Kobe Bryant Made Headlines for All the Wrong Reasons When He Jumped Straight From High School to the NBA: ‘I’d Been Around Michael Jordan, I’d Been Around Charles Barkley, but I’d Never Seen Anything so Show-Offish’

Kobe Bryant became one of the greatest — and most well-recognized — basketball players of all time. His on-court killer instinct led him to five championships, an MVP, 15 all-NBA selections, and two scoring championships.

Bryant always had a certain charisma, standoffish or not, that people noticed. Whether he was your hero or a villain, everyone recognized Kobe.

But before all the accolades, before the Los Angeles Lakers, before Shaquille O’Neal, and before the Michael Jordan comparisons, the future Hall of Famer was a celebrity high school athlete. He went to prom with Brandy in the mid-90s — if that’s not a celebrity move, who knows that is.

But not everything Bryant did in the celebrity spotlight went over well. Even as a teenager at a small high school in Philadelphia, Bryant knew how to whip up a controversial event.

Kobe Bryant was one of the most famous high school athletes of all time

Kobe Bryant informs the world he's going from high school straight to the NBA during a press conference at Lower Merion High School.
Lower Merion’s Kobe Bryant announces in 1996 that he is skipping college and will go into the draft following his senior year of high school. | Pete Bannan/MediaNews Group/Main Line Media News via Getty Images

Bryant blazed trails for many different paths during his lifetime, but one of the first was when he chose to enter the NBA draft straight from high school. The eventual 2007-08 MVP was just the sixth player in basketball history to make that decision and the first non-forward or center.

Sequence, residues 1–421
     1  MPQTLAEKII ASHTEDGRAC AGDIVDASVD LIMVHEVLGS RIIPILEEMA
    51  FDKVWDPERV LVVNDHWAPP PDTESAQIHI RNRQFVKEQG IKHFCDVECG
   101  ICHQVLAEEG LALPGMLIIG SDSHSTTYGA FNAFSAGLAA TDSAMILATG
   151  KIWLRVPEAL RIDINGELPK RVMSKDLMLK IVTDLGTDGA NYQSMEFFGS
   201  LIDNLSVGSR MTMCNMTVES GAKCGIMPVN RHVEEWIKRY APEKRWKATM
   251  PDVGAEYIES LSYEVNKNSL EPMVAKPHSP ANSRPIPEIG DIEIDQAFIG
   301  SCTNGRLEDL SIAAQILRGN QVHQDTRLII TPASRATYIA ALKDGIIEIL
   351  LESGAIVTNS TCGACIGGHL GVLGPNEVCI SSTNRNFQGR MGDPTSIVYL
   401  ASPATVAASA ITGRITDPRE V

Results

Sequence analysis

During his senior season at Lower Merion High School in Philadelphia, Bryant averaged 30.8 points, 12.0 rebounds, 6.5 assists, 4.0 steals, and 3.8 blocks and led the school to the Class AAAA State Championship, according to the book Three Ring Circus by author Jeff Pearlman.

His father was a professional basketball player who had a stint in the NBA and made a name for himself in Italy. Bryant had the stats, the pedigree, the size, and the game to be recruited by all the college basketball bluebloods.

But his decision to enter the draft at age 17 was considered “insane” by some. And in true Kobe fashion, he made the announcement with style.

Kobe’s draft announcement made headlines, but it wasn’t entirely for the right reasons

High school newspaper reporters were in attendance. And so were members of the Washington Post and Sports Illustrated. So were Boyz II Men.

Bryant’s fellow students went crazy when he arrived. The professional media members on the other hand? Not so much.

When a Bryant who couldn’t vote yet strode confidently into a small high school gym in a suit with sunglasses perched atop his head, he got a lot of side-eye, “what is he doing?” sort of looks.

Pearlman interviewed a few national writers who were there for the announcement, and they weren’t fans of the spectacle.

“God, it was so arrogant. Just the look alone. Seriously, it was one of the worst things I’d ever seen.”

John Smallwood of the Philadelphia Daily News on Bryant’s press conference in Pearlman’s Three Ring Circus

Well-known ESPN reporter Jeremy Schaap took it a step further:

“What the heck was going on? He wore sunglasses. Sunglasses! And they may well have been drugstore shades, but they looked Armani on him. It was hard to accept the total lack of humility and the sort of Hollywood quality to it. I’d been around Michael Jordan, I’d been around Charles Barkley, but I’d never seen anything so show-offish.”

ESPN’s Jeremy Schaap on the infamous Lower Merion press conference

It may not have started well, but Kobe’s career turned out just fine

The press conference was a disaster to most. These kinds of events are commonplace now, but no high schooler had ever attempted anything like it before.

Bryant was drafted 13th overall in 1996 by the Charlotte Hornets and immediately dealt to the Lakers. He went on to dominate the NBA for nearly two decades, all the while continuing to put on a show, for better or worse.

All statistics courtesy of Basketball Reference.

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